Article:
What are examples of alliteration, assonance, and consonance in Amanda Gorman’s "The Hill We Climb"?

In Amanda Gorman's poem "The Hill We Climb," an example of alliteration is "interrupted by intimidation." One notable example of assonance is "we found the power," where "found" and "power" have the same ow sound. In "a nation that isn't broken," the poet uses consonance with the repetition of n sounds.

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Amanda Gorman's poem "The Hill We Climb" uses alliteration throughout to underscore its points. Gorman uses this device as many as five times in a row at certain points in the poem:

We will not be turned around

Or interrupted by intimidation

Because we know our inaction and inertia

Will be the inheritance of the next generation.

Here, Gorman uses a flood of alliteration to connect the negative "intimidation" that gets in the way of justice to the "inaction" that it causes and then to the "inheritance" that the people she is addressing will give to their children. She argues that they must be careful not to let others get in the way of their fight for justice if they want to give their children a good life.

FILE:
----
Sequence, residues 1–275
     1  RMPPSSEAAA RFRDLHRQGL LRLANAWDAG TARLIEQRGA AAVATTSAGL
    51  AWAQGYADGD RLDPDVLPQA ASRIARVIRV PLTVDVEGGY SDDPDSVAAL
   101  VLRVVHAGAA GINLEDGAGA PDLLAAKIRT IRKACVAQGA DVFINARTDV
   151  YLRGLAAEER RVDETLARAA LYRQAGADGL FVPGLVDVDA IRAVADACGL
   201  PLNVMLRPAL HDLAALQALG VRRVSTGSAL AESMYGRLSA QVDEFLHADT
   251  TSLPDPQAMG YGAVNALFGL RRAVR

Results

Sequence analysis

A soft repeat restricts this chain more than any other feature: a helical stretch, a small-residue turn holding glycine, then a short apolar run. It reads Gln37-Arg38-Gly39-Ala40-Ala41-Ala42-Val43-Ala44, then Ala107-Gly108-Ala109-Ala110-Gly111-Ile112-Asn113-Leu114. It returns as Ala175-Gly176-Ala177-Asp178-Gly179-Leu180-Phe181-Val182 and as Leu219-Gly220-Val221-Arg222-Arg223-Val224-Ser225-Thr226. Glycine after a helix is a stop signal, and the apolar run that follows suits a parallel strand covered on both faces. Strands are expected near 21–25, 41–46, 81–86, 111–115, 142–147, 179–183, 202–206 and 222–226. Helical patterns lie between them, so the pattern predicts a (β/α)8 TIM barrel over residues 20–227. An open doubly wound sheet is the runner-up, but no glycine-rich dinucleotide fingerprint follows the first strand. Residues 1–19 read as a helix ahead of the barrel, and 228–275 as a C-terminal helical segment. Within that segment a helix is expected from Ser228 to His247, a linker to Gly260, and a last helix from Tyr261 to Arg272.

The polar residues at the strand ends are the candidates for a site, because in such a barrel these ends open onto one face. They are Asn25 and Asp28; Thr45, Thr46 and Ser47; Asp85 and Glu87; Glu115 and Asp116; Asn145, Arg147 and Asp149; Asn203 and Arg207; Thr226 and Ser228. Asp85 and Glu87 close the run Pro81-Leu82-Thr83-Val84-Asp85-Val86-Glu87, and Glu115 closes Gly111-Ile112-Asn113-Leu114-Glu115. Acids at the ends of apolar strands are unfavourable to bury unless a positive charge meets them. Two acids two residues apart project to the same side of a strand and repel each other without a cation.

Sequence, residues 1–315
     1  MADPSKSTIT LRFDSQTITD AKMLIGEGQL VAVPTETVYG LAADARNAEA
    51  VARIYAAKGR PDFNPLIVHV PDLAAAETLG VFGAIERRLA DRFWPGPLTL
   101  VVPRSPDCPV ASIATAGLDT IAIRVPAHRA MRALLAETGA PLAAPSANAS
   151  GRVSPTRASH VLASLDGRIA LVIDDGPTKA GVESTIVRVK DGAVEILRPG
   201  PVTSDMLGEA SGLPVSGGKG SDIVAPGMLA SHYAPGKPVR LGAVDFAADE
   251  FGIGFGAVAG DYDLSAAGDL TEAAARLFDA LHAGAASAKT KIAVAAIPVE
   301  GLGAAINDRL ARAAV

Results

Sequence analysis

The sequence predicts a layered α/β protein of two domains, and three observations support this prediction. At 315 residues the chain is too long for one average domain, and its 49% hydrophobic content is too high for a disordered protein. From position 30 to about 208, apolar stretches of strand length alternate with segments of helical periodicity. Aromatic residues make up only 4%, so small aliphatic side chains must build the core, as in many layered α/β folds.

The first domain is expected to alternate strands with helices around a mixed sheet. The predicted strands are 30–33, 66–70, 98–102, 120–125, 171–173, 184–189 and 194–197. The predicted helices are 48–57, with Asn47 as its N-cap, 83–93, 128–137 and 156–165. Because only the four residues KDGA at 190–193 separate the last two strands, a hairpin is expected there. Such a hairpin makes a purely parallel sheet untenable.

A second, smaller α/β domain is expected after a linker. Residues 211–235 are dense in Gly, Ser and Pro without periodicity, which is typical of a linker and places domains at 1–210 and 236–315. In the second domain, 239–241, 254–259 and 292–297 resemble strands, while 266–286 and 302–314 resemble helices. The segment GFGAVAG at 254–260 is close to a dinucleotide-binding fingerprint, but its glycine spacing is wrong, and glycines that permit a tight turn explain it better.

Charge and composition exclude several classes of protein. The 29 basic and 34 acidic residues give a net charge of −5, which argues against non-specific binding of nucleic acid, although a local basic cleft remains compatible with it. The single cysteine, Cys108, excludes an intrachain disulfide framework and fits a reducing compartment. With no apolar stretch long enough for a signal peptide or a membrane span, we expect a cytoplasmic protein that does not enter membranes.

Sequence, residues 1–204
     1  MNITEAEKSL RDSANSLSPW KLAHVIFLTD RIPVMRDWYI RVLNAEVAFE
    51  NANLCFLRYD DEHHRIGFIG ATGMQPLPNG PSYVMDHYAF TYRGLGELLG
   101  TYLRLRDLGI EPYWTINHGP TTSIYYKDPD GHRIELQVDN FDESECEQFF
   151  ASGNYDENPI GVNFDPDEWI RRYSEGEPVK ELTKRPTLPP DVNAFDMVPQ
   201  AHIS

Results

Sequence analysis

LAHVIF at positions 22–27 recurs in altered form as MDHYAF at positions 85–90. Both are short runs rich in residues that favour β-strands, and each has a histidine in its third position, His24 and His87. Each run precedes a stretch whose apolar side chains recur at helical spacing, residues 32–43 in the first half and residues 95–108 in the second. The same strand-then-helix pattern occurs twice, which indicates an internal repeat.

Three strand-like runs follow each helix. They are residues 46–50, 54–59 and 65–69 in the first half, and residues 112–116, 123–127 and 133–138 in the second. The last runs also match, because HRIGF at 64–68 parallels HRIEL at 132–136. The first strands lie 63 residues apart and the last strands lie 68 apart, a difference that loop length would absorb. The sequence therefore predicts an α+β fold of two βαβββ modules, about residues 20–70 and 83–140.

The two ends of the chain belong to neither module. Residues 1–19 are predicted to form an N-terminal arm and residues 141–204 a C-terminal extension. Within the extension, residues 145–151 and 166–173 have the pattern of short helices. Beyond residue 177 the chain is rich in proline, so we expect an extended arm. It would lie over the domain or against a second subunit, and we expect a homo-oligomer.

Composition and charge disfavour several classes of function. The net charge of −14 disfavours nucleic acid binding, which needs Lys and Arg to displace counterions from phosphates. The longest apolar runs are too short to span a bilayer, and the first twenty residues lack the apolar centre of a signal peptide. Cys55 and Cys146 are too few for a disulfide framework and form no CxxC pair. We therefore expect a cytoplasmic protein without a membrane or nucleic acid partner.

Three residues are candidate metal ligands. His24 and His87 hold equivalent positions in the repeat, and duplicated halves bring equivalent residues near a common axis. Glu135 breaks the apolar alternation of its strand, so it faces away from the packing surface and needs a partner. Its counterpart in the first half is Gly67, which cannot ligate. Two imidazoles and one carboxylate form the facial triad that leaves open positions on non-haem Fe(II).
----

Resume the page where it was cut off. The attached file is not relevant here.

Assonance and consonance are less common in the poem, since most of the time, Gorman uses alliteration—consonance at the beginning of a series of words—or rhyme. However, there are some examples in the poem.

Gorman uses assonance in the phrase "we found the power." The ow sound in both words connects the concepts within the line, even though they do not rhyme or alliterate.

Finally, in "a nation that isn't broken," Gorman repeatedly uses n sounds—twice in the word "nation" and again at the end of "broken." This recycling of the same consonant sound is known as consonance. Like assonance, consonance is a technique that gives poetic passages a quality of sonorous cohesion.

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